Bingo.....If I run, eat, or move heavy stuff I get flutters. This all came on after a nasty stomach bug I had from consuming bad creek water. I took a bunch of harsh meds to clear out any and all parasites but since I have had these persistant flutters. This vagus nerve connection is very interesting. I have had nearly every cardio  and gastro test available and all say I'm OK, BUT, I know what I am feeling (flutters) are just not right. My family doc is looking more towards that this is an anxiety issue and suggestiong SSRIs. Ughh, this is so very frustrating. I just want to feel normal and do the things I love = run, eat, work hard in my yard without the flutters and fear of dropping dead.

I guess the next time I meet with my gastro doc I will mention the vegus nerve idea. I feel like I am in a medical maze,
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Avatar_m_tn
This is a bit off topic, but years ago I suffered form a severe viral infection that I believe injured my vagus nerve.

I have lousy blood pressure and heart rate control now, a deviated uvula, easily tired voice, gastric dysmotility....the list goes on and on.

However, no doc is willing to give the diagnosis of vagus nerve damage.  Do any of you know of any specific vagus nerve imaging tests that are avaliable?
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Avatar_n_tn
To the best of my knowledge, there is no imaging test that detects nerve damage.  Nerve damage is frequently diagnosed by symptoms within the nerve's distribution.  peripheral motor nerves can be examined with EMG/NCV studies, but this is not possible with something like the vagus nerve.

I'm sorry to hear of your frustrations with the medical profession.  what types of docs have you seen?  And, what would change in the course of your treatment if you DID find someone to say that is what's wrong with you?  Aside from piece of mind (as i'm sure you have run into a doc or two that tried to tell you that you were nuts), i'm not sure there is much to be done.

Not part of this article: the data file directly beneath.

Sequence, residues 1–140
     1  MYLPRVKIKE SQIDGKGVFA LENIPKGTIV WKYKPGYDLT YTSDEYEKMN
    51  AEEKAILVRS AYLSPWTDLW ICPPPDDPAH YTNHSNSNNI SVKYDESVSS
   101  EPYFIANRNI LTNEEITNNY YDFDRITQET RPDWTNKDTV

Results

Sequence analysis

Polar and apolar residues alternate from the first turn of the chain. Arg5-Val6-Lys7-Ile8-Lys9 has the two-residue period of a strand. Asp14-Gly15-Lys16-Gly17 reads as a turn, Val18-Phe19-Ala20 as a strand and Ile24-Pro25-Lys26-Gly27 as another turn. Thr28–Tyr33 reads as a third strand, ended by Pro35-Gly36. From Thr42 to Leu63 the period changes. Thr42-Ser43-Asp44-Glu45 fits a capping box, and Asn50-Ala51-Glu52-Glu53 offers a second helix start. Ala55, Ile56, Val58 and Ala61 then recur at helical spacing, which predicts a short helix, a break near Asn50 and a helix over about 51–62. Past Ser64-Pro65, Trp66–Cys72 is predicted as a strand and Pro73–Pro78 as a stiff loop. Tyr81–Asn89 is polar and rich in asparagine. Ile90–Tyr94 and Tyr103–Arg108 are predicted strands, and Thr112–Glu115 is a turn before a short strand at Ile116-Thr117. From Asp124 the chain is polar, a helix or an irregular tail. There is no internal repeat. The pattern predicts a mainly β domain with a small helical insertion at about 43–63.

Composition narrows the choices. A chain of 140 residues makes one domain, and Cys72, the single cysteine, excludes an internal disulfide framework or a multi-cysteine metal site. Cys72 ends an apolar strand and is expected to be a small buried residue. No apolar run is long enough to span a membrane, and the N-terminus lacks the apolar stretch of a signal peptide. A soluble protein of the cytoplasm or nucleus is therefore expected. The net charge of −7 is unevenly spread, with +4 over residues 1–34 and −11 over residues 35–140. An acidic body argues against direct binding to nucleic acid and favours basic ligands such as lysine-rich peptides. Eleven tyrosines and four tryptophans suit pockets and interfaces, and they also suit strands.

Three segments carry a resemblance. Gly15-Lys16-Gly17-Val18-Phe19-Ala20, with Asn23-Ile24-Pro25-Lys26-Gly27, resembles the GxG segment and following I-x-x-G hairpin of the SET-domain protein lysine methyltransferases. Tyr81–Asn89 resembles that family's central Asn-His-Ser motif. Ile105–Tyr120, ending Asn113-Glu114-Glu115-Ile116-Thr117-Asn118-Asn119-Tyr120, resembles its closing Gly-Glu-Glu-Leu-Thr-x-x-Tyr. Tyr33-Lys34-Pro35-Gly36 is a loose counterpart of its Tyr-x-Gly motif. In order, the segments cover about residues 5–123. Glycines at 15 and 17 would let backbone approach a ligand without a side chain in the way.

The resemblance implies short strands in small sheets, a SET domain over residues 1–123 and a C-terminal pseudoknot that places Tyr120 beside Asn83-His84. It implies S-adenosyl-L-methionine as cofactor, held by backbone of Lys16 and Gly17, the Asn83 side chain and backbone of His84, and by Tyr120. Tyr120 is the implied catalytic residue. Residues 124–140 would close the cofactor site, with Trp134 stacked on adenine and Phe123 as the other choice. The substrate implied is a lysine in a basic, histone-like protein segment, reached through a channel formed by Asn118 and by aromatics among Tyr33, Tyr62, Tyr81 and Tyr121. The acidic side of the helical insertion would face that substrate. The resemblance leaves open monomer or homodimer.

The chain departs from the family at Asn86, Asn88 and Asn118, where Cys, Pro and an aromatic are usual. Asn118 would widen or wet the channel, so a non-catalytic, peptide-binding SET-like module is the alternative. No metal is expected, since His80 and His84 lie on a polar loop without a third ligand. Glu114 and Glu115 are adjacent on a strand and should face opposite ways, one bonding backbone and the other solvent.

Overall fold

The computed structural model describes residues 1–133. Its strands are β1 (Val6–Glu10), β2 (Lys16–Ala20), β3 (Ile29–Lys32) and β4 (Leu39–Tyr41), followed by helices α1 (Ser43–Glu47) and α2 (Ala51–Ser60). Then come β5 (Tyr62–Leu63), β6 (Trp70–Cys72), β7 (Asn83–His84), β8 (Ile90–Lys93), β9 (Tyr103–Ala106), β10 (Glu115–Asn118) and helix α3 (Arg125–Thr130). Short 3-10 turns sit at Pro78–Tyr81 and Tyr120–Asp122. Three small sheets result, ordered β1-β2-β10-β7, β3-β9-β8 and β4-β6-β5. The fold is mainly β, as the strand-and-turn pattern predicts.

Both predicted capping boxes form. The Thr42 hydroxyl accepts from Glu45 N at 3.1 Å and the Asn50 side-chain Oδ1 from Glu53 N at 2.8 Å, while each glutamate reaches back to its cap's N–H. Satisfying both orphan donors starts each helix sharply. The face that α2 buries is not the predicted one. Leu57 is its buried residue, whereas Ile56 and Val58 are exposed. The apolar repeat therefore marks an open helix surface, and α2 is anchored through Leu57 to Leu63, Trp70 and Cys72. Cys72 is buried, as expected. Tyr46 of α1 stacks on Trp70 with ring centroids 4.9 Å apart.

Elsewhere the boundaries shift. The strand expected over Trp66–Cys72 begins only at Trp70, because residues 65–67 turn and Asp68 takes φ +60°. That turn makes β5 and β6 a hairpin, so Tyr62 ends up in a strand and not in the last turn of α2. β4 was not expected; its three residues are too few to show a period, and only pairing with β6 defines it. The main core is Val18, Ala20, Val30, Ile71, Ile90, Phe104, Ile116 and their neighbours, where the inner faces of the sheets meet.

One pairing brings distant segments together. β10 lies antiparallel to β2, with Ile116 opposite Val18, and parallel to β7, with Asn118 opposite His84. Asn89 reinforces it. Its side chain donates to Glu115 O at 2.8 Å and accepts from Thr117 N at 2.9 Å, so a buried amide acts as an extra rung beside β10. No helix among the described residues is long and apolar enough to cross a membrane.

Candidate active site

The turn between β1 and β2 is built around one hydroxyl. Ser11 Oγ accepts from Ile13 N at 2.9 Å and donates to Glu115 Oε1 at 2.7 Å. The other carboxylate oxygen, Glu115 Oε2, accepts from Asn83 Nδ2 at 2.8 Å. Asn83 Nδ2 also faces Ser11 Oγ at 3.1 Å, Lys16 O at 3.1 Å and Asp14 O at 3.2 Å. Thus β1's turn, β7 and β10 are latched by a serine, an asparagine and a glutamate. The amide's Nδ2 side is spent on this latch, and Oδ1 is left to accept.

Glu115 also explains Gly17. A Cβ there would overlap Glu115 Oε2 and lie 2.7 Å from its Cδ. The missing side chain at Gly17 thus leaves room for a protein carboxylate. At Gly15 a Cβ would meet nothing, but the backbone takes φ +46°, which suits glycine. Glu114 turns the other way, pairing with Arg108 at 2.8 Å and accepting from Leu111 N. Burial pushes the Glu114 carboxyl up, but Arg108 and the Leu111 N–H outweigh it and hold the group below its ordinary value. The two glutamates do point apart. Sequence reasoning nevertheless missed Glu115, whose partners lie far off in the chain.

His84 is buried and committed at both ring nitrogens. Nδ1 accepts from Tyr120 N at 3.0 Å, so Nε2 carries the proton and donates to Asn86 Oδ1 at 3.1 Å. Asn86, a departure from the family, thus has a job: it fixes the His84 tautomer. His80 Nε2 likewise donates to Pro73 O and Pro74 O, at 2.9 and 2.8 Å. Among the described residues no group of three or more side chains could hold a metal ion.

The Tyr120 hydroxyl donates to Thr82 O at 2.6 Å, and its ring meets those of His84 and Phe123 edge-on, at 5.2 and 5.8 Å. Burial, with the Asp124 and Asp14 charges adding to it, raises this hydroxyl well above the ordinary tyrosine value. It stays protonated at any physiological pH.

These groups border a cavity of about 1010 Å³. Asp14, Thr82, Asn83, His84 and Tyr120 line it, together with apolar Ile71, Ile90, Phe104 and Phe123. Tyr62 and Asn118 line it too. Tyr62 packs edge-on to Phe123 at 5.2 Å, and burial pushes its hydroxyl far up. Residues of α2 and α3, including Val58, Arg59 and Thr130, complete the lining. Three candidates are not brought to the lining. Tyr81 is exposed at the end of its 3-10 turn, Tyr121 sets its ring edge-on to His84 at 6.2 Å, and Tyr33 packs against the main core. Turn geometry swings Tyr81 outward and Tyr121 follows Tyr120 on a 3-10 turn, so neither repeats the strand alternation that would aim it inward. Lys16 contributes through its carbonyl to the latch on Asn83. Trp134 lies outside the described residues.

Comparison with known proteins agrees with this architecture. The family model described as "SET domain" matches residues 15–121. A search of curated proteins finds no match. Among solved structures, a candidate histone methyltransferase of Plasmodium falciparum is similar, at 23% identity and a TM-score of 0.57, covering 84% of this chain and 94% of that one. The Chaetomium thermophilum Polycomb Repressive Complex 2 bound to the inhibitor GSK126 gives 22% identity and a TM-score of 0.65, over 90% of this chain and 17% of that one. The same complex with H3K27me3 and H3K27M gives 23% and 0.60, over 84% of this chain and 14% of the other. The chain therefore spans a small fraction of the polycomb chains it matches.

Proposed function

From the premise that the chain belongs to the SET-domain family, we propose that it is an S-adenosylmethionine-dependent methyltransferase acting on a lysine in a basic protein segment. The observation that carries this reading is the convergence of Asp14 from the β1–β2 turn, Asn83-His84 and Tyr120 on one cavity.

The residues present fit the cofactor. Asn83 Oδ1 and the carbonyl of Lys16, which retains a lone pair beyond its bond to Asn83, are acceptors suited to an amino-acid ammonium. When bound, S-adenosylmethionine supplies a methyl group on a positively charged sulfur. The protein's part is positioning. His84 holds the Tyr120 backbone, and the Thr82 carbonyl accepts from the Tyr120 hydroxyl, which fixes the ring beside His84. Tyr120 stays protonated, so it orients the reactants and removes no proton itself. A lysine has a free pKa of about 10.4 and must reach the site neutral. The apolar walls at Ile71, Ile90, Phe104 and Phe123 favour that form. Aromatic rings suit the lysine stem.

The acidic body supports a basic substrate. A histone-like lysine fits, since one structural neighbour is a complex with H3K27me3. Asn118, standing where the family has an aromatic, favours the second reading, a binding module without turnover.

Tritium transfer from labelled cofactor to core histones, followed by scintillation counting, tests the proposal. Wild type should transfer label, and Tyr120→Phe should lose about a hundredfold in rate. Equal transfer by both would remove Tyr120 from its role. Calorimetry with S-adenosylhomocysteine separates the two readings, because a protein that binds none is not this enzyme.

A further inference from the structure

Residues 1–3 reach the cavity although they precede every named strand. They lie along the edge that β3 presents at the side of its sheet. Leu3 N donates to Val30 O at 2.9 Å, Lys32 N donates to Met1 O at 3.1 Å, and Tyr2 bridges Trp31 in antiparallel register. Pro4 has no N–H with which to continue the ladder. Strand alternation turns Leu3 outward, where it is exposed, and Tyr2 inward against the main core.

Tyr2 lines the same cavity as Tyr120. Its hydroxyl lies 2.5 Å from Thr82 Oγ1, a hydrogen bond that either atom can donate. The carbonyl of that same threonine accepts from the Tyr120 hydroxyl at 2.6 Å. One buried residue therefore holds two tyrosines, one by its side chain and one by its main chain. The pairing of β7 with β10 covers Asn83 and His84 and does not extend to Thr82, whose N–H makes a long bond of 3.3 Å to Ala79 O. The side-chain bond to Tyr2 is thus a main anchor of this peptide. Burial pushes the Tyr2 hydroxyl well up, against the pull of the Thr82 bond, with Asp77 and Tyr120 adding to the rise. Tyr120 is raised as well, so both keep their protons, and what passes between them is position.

I hope this helped.
steph
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Avatar_m_tn
Hi Steph,

Yes, I know you cannot do standard EMG/NCV studies on the vagus, however I think imaging studies to look for obvious lesions should be possible.  Its not THAT small.

Piece of mind should not be underrated, however there are pratical concerns to firming up elusive diagnoses that many physicians do not see.

First and foremost is the need to stop seeing MORE physicians.  Once a diagnosis is firmed up, and it is clear not much can be done, much lower frequency of follow up is needed than the constant seeking of new opinions to explain a symtpom set.  This can translate into thousands of dollars not wasted on healthcare.

Second is the ability to particiapte in research and treatments however primitive at this stage for said malady.

Third is the ability to achieve a certain level of care in emergency situations.  When going to the ER extremely ill and being asked your past medical history, having to explain, "I've been very ill for 7 years with ...something." , generally is not helpful to the physician or to the patient's level of care.
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Avatar_n_tn
Try afibbers.org. Lot of interesting info.